Mason Jennings with Lily Kershaw House of Blues, Bronze Peacock Room 1.26.14
House of Blues' Bronze Peacock Room was the perfect intimate setting for Mason Jennings' stellar showcase of songs on Sunday night. Ranging from his vast catalog of music, Jennings came to perform for his fans' sake, and that he did.
Opener Lily Kershaw isn't exactly a household name, unless maybe you are an avid fan of the CBS show Criminal Minds (apparently Kershaw had two songs on the season finale this year). That being said, she certainly is naturally talented. Her voice is reminiscent of Jewel but slightly warmer. It is to be seen if there is anything discernably different about Kershaw than the 1000 other talented songstresses that release music each year in the hopes of success, but her music is pretty and non-irritating or cheesy. Maybe that is the difference.
After Kershaw's appropriately timed 45-minute set and an intermission, Mason Jennings took the stage. Jennings opened by saying, "Thanks for being so warm, Houston. I'm from Minnesota." A Houston transplant from Chicago and Minneapolis myself, I understand what he means. Nonetheless, this winter has absolutely sucked for Texans, and I'm glad for Houstonians sake that we have music like Mason's to keep us warm.
Jennings is able to weave the poetry of fellow Minnesotan Bob Dylan with the sunny, mellow effortlessness of Jack Johnson to create something completely original and unique. He's an American storyteller through and through in a way that is simply difficult to find nowadays.
Opening with "Rainboots," a cute song from his newest album Always Been, Mason put the crowd in the mood to have a good time. This continued with "Your New Man," a funny fan favorite from 2008's In The Ever that elicited laughter from the small audience.
The venue was not packed by any means, but the crowd there definitely felt connected to the artist. As they laughed along with his clever lyrics, they felt like they were in on the joke. On stage, it was just Mason, his guitar and piano, his music, and his stories. Nothing else was needed.
For me personally, I never thought I would be able to see Jennings in this intimate a setting. I've seen him countless times in Minnesota (several at the iconic First Avenue, where he recorded a stellar live disc at a show I just happened to attend in 2009), among several other venues. To see him a stone's throw away was nothing short of remarkable.
"California" was next off his self-titled debut (which brought him a plethora of accolades upon its release in 1997), followed by the gorgeous and illuminating "Darkness Between the Fireflies," a song about not letting the past haunt new love. Having adored these songs since I used to put them on mixtapes, I was pleased to see the whole crowd singing along to my Minnesota man.
One of the problems of massive success is that it can bring along massive asshole fans. Before I moved away from Minneapolis, Mason was huge there, and therefore his shows were often rife with bro-ey douchebaggery. I am happy to report that none of this was present Sunday night. If you came to rock out with your cock out, this was not the show for you. And I would like to personally thank you for staying home.
"Ulysses" came next, followed by "Duluth," which was super-stripped down with Mason drumming on his acoustic. "The Light (Part 2)" came on next, a heart-wrenching song that has the power to bring tears to your eyes in a public venue. "Which Way Your Heart Will Go" followed, and then "Be Here Now," one of the most beautiful and inspiring Jennings songs ever. The crowd loved this and sang along to every word.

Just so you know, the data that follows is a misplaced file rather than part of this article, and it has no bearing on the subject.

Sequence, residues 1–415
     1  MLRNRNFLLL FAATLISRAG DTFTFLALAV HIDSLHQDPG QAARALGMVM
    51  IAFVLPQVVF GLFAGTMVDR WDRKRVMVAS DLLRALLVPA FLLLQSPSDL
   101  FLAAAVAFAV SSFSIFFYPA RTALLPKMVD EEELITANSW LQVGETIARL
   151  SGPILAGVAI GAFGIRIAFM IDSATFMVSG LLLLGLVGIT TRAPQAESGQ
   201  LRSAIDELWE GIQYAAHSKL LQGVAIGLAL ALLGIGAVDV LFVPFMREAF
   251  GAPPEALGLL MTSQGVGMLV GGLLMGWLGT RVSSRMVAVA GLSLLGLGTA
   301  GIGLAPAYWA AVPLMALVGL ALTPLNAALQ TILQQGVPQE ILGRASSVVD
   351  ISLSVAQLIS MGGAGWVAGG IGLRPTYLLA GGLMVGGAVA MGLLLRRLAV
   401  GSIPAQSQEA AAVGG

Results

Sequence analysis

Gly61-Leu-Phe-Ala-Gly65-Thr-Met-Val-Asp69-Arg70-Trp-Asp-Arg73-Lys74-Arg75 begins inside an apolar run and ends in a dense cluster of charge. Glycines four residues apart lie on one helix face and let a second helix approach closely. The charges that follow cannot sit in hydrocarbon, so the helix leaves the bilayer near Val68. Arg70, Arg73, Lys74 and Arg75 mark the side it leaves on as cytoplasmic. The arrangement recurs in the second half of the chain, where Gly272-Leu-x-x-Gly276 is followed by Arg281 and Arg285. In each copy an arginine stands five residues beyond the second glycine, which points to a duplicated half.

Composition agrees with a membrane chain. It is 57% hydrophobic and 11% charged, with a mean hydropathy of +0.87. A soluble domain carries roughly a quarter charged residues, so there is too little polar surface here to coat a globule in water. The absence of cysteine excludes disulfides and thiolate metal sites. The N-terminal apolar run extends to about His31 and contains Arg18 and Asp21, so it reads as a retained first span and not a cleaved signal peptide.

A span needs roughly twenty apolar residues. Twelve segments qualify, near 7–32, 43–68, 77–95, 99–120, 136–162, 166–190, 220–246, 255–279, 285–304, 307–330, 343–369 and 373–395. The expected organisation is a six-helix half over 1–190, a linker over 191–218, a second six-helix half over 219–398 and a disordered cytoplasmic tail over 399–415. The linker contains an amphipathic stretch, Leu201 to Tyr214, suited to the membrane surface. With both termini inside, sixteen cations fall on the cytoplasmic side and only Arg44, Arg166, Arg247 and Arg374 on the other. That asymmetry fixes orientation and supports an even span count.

When it comes to Jennings, the bottom line is that you can't bullshit talent. Being that close to him, it is evident he possesses it in every sense: he's a great guitarist, pianist, songwriter, and singer. Most impressively, he has passion for what he does. He's also a great storyteller between songs and makes the audience feel connected with his work on a level that other performers cannot do as organically.
A few more songs played before "Wilderness," the single release off his newest album that is reminiscent of earlier Jennings, and then came "The Field," a song written about veterans of war from a very different point of view. Unlike the Toby Keith kind of bullshit usually associated with music about the military, Mason is amazing at articulating ideas into palpable feelings. This is true of all his songs, whether they are funny, happy, heartbreaking, or inspiring.
Mason left the stage for literally 15 seconds while the small crowd let out a huge roar for more music. Jennings returned immediately and simply said, "Okay, what do you want to hear?" "Fighter Girl" was chosen, followed by classic "Nothing," and lastly, "Adrian."
It was clear to me that the only people at this show were people that truly loved Mason Jennings. I realize for artists that this would not be particularly lucrative, but as a fan, it certainly was a special evening.
Personal Bias: This entire review could easily have been about how Mason's lyrics directly coincide with my life, in an easy-to-reference chronological order. But no one wants to read that, because this is a music blog, not a "Love and Relationships" blog. The point is that his lyrics are extremely poignant and relatable.
The Crowd: A small group of highly-dedicated Mason fans, many of whom wearing flannel. There aren't that many hipsters in Houston by comparison's sake, but Mason managed to bring some granolas out of the woodwork.
Overseen in the Crowd: Why are dudes still wearing those 1980's-looking fishing shirts? Especially when they aren't fishing?
Random Notebook Dump: Thanks to cute couple Mallory and Jeremy for sharing their stolen posters. These two LOVE Mason Jennings.
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